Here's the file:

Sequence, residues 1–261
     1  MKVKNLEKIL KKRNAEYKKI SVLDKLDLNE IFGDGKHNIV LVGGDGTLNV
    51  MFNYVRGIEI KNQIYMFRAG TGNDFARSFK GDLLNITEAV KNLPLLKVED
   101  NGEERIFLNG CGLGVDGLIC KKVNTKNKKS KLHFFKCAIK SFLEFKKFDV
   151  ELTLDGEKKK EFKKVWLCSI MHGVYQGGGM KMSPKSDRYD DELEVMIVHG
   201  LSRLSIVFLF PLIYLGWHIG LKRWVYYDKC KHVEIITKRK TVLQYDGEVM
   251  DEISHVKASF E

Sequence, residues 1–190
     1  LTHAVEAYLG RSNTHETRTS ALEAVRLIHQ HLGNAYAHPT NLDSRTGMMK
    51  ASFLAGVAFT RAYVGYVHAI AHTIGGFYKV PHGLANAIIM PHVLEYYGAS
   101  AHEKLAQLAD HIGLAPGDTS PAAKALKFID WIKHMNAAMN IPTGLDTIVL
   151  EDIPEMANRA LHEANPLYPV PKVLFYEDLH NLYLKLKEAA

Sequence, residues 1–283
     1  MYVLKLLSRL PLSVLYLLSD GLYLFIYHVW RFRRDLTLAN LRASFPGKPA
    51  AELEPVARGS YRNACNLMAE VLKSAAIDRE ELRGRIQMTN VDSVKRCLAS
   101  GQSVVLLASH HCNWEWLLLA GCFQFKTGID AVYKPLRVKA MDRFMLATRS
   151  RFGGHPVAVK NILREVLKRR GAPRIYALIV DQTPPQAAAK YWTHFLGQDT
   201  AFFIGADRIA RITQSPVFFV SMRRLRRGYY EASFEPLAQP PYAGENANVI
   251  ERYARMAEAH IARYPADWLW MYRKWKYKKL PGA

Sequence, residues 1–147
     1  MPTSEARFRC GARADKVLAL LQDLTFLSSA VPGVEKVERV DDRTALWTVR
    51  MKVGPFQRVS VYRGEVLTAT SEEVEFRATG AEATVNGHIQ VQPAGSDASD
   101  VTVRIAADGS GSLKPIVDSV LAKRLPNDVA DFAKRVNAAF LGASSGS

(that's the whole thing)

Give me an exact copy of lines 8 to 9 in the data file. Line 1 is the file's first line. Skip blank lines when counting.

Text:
Sequence, residues 1–190
     1  LTHAVEAYLG RSNTHETRTS ALEAVRLIHQ HLGNAYAHPT NLDSRTGMMK